I have also used the noted methods. The one that was the most successful was noting that there seemed to be 2 unrelated families of the same name with the same unusual spelling in 2 neighboring cities in Minnesota. Wondering whether they were actually related I began building a tree for the second family just in case. After my mother’s death I found the names of 2 of the people in the second tree in my maternal grandfather’s journals, phone books and party lists. Then I was sent copies of the front pages of a family bible which showed the marriage date and children’s bithdates and places of birth as well as baptismal dates from this union. The dates matched some of the dates of birth and parents’ names of people in the second family. Then I found the death date and burial place of their father and his burial place and parent’s names. When looking for the cemetery where he was shown buried I found he had been moved to the cemetery where one of my family members was buried found him buried in the same plot. Turned out he was the “missing” brother of my gggrandfather. He had lost his wife, left his kids with his in-laws (whosebible pages were sent to me) and immigrated to Canada where he remarried had a large family and then immigrated to Minnesota shortly before my family. The two families were not only related, everyone in Minnesota with that named was/is related.

  • Barbara Ribling
    January 9, 2017 at 5:15 pm

    I have done this from the beginning. My maternal Grt-Grandfather was my Brick Wall. I needed to research horizontally to eventually discover his family and origins. My Father was adopted. It took years just to discover his adoptive family. His real parents were a mystery for many years. I only recently found his birth certificate – he never saw it! Using the BC and a story my Father told me about his childhood led me to his birth family and then on back another generation to Swedish immigrants! I would never have known anything about my Father’s family had I not searched “horizontally” and had kept on trying to go directly back vertically. I still know little about his family but so much more than I or he originally knew.

    • Donna S Wilkins
      January 17, 2017 at 7:03 pm

      Please can you share how you found your Father’s birth parents? My Father was also adopted. He passed away in 1982. I only know a few stories I have been told. None of them have panned out. How did you get his birth certificate? He was born in Kentucky. Put in a home called All-Prayer Foundlings Home when he was 3 in 1928. It closed down many years ago. I am getting no where. Thank you for any help you may be able to give me. Donna Wilkins

      • January 18, 2017 at 12:46 am

        I did have a few clues. I knew that my father was born in Minneapolis and I had the date. I knew who his “parents” were and I had met them a few times. His mother always seemed distant. She died when I was about 7 years old. MY memory of her is of a mysterious woman standing behind my Grandfather and myself and watching us from a short distance. She seemed quiet and cold. I now think I know who she was but she is still mostly a mystery. I have letters and photos from my father’s adoptive family so when I began working on my Family Tree, I was able to learn about them. In time I was able to get my Father’s BC and learn who his birthbparents were. His Mother, whose parents were Swedish immigrants, is still mostly a mystery. I believe that she may actually have been his birth mother! The “two” ladies shared the same first name. I believe I have found his Mother’s family at Ancestry but none of them seem to have any information on Grandmother other than her name and her immigrant parents. I still would like to know the “full” story about my paternal ancestors. I learn little bits about them as I go. It is slow but my Father’s BC wa the key that led me to census records and Family Trees at Ancestry. My Mother’s maternal Grt-GF was discovered by going “sideways” and following family associates until I eventually found her family and a great wealth of information going back to the 1600s. I would never have found them had I not followed family associates and distant relatives eventually returning back to the mystery ancestors that I sought. Click the URL below to read about my father’s family and how I discovered their history.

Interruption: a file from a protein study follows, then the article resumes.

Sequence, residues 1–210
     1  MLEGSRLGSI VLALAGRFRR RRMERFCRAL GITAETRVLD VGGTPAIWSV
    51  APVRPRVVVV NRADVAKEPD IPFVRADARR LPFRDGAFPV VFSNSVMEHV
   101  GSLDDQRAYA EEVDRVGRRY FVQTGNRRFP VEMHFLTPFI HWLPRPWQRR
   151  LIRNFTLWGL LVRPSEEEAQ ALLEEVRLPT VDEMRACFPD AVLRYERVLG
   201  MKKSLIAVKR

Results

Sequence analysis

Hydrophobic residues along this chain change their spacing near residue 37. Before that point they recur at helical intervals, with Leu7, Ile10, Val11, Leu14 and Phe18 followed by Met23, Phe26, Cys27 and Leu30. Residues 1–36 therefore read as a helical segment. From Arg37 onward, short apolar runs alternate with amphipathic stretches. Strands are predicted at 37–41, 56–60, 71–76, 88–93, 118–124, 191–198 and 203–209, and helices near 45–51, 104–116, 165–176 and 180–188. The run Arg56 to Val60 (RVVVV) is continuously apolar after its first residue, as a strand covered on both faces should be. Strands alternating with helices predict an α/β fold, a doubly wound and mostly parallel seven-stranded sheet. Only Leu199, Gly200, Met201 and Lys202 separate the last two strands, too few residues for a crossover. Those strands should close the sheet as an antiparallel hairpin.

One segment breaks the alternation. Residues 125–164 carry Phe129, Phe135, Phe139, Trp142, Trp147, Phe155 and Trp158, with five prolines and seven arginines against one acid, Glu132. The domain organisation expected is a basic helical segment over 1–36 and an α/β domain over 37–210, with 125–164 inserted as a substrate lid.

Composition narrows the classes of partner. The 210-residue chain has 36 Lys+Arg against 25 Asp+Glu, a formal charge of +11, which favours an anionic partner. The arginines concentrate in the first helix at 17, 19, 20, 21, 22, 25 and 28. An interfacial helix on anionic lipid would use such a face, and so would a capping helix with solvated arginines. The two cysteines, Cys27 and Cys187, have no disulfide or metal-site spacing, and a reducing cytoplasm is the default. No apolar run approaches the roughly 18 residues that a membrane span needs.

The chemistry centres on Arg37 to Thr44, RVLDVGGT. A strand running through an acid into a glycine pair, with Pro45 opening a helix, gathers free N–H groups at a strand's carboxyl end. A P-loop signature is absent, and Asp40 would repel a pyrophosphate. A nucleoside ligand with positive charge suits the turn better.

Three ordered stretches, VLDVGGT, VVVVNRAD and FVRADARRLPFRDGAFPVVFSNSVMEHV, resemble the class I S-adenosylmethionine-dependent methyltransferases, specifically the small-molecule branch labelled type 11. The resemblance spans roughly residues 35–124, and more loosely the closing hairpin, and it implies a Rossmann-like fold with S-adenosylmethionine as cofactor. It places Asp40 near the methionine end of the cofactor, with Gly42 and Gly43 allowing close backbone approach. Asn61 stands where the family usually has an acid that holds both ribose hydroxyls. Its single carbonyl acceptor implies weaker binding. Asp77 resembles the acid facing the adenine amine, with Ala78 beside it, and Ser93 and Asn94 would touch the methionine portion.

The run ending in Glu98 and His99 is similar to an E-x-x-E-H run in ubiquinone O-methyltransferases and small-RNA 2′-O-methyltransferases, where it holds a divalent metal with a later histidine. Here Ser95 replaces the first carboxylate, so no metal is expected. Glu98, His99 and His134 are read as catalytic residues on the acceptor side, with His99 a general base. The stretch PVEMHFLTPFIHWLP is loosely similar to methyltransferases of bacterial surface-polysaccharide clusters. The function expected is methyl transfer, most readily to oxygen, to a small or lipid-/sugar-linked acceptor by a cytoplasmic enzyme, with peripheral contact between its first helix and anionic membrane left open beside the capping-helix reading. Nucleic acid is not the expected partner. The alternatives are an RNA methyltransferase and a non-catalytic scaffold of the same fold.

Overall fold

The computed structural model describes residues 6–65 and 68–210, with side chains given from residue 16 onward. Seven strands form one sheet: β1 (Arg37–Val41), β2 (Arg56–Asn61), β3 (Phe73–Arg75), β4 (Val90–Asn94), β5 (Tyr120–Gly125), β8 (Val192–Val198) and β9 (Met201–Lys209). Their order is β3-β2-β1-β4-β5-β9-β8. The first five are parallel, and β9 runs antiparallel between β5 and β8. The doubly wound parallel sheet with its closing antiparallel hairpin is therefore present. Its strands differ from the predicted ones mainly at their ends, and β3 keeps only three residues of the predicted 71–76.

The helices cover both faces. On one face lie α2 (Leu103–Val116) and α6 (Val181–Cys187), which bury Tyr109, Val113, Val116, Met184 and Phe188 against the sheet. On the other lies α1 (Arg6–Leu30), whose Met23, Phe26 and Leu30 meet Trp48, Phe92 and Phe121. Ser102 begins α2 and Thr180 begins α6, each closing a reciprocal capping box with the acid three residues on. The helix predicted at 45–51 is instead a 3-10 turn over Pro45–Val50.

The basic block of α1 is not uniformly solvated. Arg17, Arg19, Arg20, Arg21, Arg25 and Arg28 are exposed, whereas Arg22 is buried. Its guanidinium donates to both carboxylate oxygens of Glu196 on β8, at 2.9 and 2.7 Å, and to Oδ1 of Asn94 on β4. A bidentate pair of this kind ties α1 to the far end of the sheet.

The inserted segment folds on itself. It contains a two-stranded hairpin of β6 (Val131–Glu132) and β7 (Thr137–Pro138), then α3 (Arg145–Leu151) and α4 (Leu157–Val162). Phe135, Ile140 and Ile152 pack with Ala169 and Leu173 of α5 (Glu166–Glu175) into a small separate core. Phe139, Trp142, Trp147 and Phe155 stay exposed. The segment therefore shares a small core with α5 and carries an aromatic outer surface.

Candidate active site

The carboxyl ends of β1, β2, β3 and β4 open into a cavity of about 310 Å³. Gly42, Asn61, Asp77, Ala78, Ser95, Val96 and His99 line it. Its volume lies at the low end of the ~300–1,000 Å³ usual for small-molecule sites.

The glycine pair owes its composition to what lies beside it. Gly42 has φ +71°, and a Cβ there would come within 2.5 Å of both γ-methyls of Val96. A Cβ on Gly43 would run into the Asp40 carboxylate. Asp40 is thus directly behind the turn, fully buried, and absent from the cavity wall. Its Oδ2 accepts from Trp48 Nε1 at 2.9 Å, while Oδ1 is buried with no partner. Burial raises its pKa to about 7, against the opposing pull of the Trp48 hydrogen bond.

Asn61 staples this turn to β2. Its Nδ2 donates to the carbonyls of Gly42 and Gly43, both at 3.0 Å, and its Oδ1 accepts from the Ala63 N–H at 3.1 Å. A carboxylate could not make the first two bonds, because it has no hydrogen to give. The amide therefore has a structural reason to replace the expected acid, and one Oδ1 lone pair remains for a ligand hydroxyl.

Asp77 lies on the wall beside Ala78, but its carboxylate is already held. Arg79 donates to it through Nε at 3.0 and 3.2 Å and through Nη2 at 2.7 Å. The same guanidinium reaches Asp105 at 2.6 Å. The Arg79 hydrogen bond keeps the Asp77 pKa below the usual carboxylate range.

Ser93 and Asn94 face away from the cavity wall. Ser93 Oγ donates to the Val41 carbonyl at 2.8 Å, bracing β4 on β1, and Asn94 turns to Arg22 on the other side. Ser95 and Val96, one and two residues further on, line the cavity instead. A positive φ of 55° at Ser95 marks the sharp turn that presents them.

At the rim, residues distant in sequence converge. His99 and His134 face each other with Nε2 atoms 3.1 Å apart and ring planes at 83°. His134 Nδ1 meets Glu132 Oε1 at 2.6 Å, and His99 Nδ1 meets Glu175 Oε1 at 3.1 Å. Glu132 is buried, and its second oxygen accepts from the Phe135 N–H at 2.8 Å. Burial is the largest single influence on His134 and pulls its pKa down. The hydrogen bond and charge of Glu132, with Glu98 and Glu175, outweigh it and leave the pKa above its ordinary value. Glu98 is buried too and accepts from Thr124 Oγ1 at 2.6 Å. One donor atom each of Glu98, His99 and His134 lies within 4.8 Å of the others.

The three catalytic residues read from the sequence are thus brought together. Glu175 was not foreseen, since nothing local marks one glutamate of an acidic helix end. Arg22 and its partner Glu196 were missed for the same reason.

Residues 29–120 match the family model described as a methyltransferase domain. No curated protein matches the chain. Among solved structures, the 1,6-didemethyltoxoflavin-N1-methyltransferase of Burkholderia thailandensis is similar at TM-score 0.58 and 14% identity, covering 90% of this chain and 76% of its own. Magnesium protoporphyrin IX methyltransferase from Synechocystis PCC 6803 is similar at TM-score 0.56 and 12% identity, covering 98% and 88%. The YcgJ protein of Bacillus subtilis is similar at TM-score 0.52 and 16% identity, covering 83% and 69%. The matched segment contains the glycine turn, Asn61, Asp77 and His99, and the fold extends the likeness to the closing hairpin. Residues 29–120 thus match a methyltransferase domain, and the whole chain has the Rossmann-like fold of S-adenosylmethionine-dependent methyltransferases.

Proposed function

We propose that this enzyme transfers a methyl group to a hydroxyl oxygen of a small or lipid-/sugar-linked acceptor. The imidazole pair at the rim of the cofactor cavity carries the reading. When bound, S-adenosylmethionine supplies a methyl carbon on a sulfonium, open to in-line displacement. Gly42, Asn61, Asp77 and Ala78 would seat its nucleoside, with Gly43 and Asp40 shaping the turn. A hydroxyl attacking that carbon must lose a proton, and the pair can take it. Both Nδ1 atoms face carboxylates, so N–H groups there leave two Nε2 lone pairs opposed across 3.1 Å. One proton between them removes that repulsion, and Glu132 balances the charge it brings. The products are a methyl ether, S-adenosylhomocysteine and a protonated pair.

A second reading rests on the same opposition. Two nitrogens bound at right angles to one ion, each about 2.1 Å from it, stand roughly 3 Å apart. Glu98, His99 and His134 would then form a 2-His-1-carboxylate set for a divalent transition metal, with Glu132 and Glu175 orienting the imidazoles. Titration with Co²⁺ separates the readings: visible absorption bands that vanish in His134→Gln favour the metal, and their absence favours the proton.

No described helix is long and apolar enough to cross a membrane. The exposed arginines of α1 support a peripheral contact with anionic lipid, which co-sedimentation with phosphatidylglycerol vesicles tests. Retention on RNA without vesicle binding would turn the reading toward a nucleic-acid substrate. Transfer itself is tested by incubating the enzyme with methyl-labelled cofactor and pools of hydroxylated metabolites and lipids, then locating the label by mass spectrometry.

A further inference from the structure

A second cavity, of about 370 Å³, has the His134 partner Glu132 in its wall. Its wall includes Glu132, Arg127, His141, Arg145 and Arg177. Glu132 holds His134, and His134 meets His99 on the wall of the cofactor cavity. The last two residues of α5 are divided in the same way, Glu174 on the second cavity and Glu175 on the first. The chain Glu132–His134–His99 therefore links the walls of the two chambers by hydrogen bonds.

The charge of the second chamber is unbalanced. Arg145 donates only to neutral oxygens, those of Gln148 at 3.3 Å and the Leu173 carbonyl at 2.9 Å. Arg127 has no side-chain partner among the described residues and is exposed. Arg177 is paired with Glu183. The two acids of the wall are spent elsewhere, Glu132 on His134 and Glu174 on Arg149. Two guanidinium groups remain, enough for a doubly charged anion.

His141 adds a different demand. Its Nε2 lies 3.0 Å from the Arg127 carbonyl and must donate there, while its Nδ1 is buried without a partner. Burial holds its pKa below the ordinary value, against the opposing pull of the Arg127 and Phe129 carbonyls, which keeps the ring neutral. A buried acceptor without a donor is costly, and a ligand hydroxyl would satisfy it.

• Kristin
    January 9, 2017 at 6:37 am

    I have used this approach for years. I also research family friends and neighbors in their own trees. I have made some very important discoveries looking at everybody. And, as you said in the article, getting a real picture of my ancestors lives and times.

  • Rick Reinckens
    January 8, 2017 at 10:12 pm

    I suggest sort of a “hybrid” approach. From the WW II generation BACK it is VERY common to see families with 5 children who lived to adulthood and most got married. So that’s 5 kids and 5 spouses = 10. Those spouses had 4 siblings. Those 4 siblings had 4 spouses. The 4 spouses of the siblings had 4 siblings. And THOSE siblings had spouses, etc.

    A tree can quickly expand HORIZONTALLY ridiculously. The problem is often compounded by the fact that immigrants tended to live in ethnic neighborhoods. So you wind up with 10 John Fitzgeralds and 15 Mary Coppingers in the same area, around the same age, and often NOT related.

    On Ancestry I have my main tree that is basically lineal ancestors, I create SEPARATE trees for JANE XYZ’S ANCESTORS AND SIBLINGS. My paternal grandmother had 6 siblings and HER father had 8. So I have a separate Anna Coppinger’s Ancestors and Siblings tree. I put things specific to her in the main tree ONLY (city directories, etc) and put all the relatives’ stuff only in the other tree. (I guess I should point out that between documents on Ancestry and from relatives, I don’t have just 5-10 documents TOTAL for her, it’s over 120.) Things like censuses showing the person AND parents and siblings I put in the Siblings tree.

    I generally DON’T put the main person’s spouse and children in the Ancestors and Siblings tree. If you do, you wind up with loads of hints you don’t want–because the information IS in the MAIN tree.

    One thing that IS annoying about the Ancestors and Siblings approach is that Ancestry recognizes the same person in both trees and keeps showing hints from the detailed tree in the other tree. Unfortunately, Ancestry doesn’t have a way to set “Do not use show hints from other trees with the same owner.”

  • Trevor Davison
    January 7, 2017 at 6:34 pm

    This is oh so true. I have found some really fascinating facts whilst researching outside my direct line. Even found that my ex partner of seven years was related to my sisters husband, none of us had a clue until my research showed the connection.